Meridian Industrial


10/10/2019 | Allison Litera


Vincent Corsello never intended to open up a butcher shop. But the magic of Italian cooking took over and convinced him otherwise. Modeled after a traditional Italian butcheria, Corsello Butcheria has been serving up the freshest meats in western Massachusetts for over two and a half years.

Vincent and his wife Kasey lived in Rome, Italy for several years in the early 2000s looking for a lifestyle change (Kasey is a western Massachusetts native, while Vincent is originally from Indiana).

“In Italy, we found ourselves immersed in the culture,” says Kasey. Italian food markets are set up differently from the United States. Food is ultra-fresh (sometimes still moving) and there is a communal vibe where shoppers connect and converse with the food vendors. While living in Rome, Vincent and Kasey came across a woman at the market named Roberta. They were fascinated with how she was cutting up a chicken.

“She was filleting a chicken in a way I’d never seen before,” says Vincent. From then on, they continued to visit Roberta’s stand looking at cuts of meat. You could purchase the whole piece or a small cut. “Rabbit, lamb, chicken…. all were being cut and prepared as customers wanted them.”

“I could see the spark in Vincent’s eyes,” laughs Kasey. “Later, when we moved back to western Massachusetts [after living in Italy], we missed the fresh cut-to-order meats and the passion for food shared by Italians.” The “slow food” of Italy and the evoking of the senses at a traditional Italian market was hard to forget: the tastes, smells, sights, noises, and feeling of the freshest food one could find in the bustling markets.

“Around here, fresh, local meat is usually found in a freezer,” Vincent explains. “It just isn’t as delicious.” Vincent got a sausage maker the following Christmas after returning home and started making his own sausage using a recipe from their friends in Rome. From there, he began curing his own meats and experimenting with cuts.

When Vincent got laid off from his job the next year, it was do or die. He called his friends in Rome and asked them for advice and how to fuel his passions. They offered to let him live with them and train at their shop. Vincent leapt at the opportunity and spent over a month as an apprentice at a traditional Roman butcheria. How many people in western Massachusetts can say they were trained by traditional Italian butchers?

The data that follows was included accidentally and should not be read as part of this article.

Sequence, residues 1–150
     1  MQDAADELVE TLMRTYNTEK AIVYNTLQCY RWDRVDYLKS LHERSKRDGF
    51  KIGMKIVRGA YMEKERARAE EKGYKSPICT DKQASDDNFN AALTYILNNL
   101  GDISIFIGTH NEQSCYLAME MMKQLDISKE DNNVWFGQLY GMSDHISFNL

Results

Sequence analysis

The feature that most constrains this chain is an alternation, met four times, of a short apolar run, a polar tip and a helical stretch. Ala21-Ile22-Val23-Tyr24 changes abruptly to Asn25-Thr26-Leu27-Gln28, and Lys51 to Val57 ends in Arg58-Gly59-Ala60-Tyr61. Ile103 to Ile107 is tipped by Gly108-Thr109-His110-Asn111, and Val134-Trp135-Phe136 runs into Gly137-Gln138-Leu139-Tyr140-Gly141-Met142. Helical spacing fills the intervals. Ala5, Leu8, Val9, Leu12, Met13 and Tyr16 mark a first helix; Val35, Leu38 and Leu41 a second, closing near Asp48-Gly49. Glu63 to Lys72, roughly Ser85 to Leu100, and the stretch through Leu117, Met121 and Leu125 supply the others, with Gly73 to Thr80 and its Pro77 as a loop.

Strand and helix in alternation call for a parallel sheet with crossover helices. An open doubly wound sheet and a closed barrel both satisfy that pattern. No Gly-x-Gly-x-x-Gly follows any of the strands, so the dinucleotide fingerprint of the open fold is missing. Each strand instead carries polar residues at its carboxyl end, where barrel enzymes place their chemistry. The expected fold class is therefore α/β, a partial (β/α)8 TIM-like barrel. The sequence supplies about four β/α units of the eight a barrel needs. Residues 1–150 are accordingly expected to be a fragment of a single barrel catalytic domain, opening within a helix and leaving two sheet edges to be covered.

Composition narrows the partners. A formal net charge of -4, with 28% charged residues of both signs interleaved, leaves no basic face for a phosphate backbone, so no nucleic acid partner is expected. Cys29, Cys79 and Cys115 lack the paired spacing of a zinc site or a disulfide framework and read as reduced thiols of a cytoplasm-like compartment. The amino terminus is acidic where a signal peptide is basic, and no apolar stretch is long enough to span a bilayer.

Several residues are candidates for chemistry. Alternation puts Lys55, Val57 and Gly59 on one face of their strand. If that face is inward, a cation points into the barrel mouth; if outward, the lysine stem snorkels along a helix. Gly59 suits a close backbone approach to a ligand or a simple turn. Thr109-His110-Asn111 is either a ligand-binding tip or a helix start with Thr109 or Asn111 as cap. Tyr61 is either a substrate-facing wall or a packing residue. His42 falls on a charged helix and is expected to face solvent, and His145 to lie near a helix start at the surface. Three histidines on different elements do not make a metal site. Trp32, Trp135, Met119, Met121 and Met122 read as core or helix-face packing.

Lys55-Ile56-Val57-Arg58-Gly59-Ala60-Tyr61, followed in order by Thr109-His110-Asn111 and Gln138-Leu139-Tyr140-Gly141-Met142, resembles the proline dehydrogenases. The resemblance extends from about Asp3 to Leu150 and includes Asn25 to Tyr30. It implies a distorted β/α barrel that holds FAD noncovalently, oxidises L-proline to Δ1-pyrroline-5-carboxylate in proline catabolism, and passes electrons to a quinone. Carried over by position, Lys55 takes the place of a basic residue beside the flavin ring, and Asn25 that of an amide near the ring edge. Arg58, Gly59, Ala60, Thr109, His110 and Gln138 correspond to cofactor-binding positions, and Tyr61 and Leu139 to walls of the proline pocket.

Corsello Manager Mark Kretchmar comes pretty close, bringing 28 years of butcher experience to the shop.

“Mark was the bones to help us solidify the shop when we first opened,” says Kasey.

“I like working here, it’s like family. It’s a more hometown feel,” says Mark. “We can be creative all while keeping traditional.” Vincent’s brother, Dominic Corsello, is also a butcher at the shop. For an interactive experience, customers can watch Mark, Vincent, and Dominic cutting fresh meats in the front corner of their store, visible from the sidewalk or inside the shop. The connection that Vincent and his employees make with customers is in true Italian spirit. They will take the time to chat and explain the process of making their meats.

“We love to make that connection with people,” Vincent says, “all while offering a connection to Italy. Food is such a vital part of life in Italy. We want them to feel like they are part of our family.” Customers who have experienced the Italian culture are transported back to Italy when they step into Corsello. And for those who have yet to travel to Europe, Kasey says their shop is “a way for us to provide the experience of Italy without having to go there.”

Corsello gets their meats from several local farms: Poplar Hill Farm in Whately, MA, The Porter Family Farm in Ashfield, MA, HillTown Grazers in Goshen, MA, and Misty Knoll Farms in New Haven, Vermont. They butcher the whole animal, leaving little waste.

“With the meat, we make dog food, smoke the bones for dogs, and make bone broth,” explains Kasey. “We do our best to respect the animal by using as much of it as we can.” They also smoke and cure their own meats in-house, like bacon and sausages, and create and cut their own deli meats like roast beef and ham. Sustainability is a big part of the business – using high-quality meat that was raised on a pasture. Plus, everything you purchase at Corsello is local: the bread for their sandwiches, which comes from Pan’e Dolcetti in Wilbraham; or the fresh local vegetables from Mountain View Farm in Easthampton, which are pickled or used in Corsello’s fresh soups, broths, sandwiches, or lasagnas.

“We are supporting local families and farms,” says Vincent. “Being part of the community is utilizing the resources that the community provides to you.”

For all you meat lovers, if you have yet to check out Corsello Butcheria in Easthampton, MA, get yourself there ASAP. You can thank us later.

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